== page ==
Simultaneous image designs have both distance and near vision portions of the lens in front of the pupil at the same time. These designs are available in both soft and GP lens materials.
Your brain must determine which area of the lens to emphasize and which area to ignore to provide the best image resolution.
Blended designs, such as the aspheric example shown here, can be complicated because they seek to correct the particular points of aberration in your eyes, to provide the most natural vision experience possible.
Left: In this example of a translating design the near power is on the bottom. The bottom edge is flattened to keep the lens from rotating on your eye when you blink. Middle: In this concentric design the near prescription is in the middle and far is on the outside, but they can be reversed. Right: In this aspheric design the near and distance prescriptions are both near the pupil.
In the past, soft multifocal contact lenses could not correct astigmatism. If you had astigmatism, your only choice in multifocal contact lenses was rigid gas permeable lenses.
Today, soft multifocal contacts can also correct astigmatism by using a toric lens design. The lenses achieve the proper rotational positioning on the eye by means of unequal thickness zones in the lens to create a prism ballast effect (similar to that on a translating GP multifocal).
Hybrid multifocal contact lenses also correct most types of astigmatism.
Until you have a contact lens fitting, there's no way to know for sure if you'll be able to successfully adapt to wearing multifocal contact lenses. If multifocal lenses aren't comfortable or don't give you adequate vision, a monovision contact lens fitting may be a good alternative.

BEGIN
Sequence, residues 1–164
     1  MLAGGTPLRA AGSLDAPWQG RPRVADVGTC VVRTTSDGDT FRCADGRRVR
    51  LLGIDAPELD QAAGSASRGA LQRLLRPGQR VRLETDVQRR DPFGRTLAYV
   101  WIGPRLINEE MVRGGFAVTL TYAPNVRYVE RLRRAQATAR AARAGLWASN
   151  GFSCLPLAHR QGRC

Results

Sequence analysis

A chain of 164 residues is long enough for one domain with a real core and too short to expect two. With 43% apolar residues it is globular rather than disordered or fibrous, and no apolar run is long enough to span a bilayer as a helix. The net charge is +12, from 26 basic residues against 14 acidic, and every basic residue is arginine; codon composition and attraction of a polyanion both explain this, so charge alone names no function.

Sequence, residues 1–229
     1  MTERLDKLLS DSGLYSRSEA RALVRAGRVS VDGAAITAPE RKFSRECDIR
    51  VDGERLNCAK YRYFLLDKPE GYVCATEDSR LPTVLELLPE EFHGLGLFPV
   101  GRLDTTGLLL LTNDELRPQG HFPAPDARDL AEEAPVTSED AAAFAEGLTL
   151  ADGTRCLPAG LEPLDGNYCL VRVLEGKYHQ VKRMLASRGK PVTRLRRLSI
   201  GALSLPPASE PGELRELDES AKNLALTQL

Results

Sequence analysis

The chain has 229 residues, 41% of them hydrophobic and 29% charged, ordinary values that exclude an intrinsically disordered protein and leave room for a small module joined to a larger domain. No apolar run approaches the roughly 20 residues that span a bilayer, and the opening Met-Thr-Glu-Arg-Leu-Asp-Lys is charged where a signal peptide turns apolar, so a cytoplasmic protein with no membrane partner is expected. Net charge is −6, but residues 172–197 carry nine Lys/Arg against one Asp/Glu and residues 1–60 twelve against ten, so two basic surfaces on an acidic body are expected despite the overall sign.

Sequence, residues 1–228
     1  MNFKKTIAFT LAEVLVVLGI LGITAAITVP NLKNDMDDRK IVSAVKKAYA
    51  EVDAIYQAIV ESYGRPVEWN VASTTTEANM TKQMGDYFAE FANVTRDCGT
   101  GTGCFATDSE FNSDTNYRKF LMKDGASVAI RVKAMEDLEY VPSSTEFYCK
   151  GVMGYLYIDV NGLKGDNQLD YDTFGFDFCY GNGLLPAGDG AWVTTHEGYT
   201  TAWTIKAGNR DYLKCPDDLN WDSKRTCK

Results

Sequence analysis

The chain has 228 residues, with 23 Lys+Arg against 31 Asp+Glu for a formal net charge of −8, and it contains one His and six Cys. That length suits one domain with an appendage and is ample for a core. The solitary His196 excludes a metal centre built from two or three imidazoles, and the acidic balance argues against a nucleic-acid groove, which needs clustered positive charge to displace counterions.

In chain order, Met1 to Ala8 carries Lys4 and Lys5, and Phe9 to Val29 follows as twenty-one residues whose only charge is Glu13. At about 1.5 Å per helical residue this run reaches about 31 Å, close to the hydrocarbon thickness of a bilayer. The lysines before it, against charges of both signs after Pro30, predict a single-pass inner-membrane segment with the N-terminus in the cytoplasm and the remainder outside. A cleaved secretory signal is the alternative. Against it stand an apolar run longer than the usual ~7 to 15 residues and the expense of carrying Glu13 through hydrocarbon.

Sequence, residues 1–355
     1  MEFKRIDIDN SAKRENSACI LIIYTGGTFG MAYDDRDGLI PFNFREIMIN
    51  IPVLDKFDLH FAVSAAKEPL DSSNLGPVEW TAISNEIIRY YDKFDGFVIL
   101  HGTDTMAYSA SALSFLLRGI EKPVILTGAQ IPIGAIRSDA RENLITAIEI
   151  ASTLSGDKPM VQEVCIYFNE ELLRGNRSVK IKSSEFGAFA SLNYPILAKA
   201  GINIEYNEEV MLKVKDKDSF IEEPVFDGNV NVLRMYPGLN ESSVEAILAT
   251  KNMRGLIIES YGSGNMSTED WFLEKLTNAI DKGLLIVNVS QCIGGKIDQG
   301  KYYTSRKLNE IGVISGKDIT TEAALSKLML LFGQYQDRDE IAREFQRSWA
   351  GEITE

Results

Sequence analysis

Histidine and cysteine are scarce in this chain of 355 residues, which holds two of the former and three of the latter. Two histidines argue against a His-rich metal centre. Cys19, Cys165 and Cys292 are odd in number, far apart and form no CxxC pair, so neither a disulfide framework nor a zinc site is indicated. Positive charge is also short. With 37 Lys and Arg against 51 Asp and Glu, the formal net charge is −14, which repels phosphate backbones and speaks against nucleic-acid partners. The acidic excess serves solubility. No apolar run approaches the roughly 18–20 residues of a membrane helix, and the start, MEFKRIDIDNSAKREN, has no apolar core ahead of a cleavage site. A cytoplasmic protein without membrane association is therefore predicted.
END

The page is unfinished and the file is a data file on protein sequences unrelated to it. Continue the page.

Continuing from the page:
Monovision uses your dominant eye for distance vision and the non-dominant eye for near vision. Right-handed people tend to be right-eye dominant and left-handed folks left-eye dominant. But your eye care professional will perform testing to make that determination.
Usually, single vision contact lenses are used for monovision. One advantage here is that single vision lenses are less costly to replace, lowering your annual contact lens expenses.
But in some cases, better results can be achieved using a single vision lens on the dominant eye for distance vision and a multifocal lens on the other eye for intermediate and near vision.
Other times, your eye care professional may choose a distance-biased multifocal on your dominant eye and a near-biased multifocal on the other eye. These techniques are referred to as modified monovision fits.
What if Multifocal Contacts Don't Work Out?
If your multifocal contact lenses don't work out for you, your eye care professional can return most brands to the manufacturer for a refund. So if you're an unsuccessful wearer, you can usually receive a full or partial refund of the material costs of your contact lens fitting fee.
But part of your contact lens fitting fee involves the time and services your eye doctor or contact lens fitter provides during the fitting and follow-up visits. This portion of your overall fitting fee usually is not refundable.
To increase your chances of success with multifocal contact lenses, it's important to manage your expectations. These lenses usually won't be able to match the clarity you get with bifocal or progressive eyeglass lenses. It's also very likely you will still need single vision eyeglasses or reading glasses for specific tasks like driving at night or reading small print.
But it's reasonable to expect multifocal contact lenses to give you very acceptable vision for 80 percent of your daily activities, and without the need for supplemental eyeglasses.
About the Author: Gary Heiting, OD, is senior editor of AllAboutVision.com. Dr. Heiting has more than 25 years of experience as an eye care provider, health educator and consultant to the eyewear industry. His special interests include contact lenses, nutrition and preventive vision care. Connect with Dr. Heiting via Google+.
Original version of this article was by Liz DeFranco, ABOC, NCLC.
[Page updated January 2014]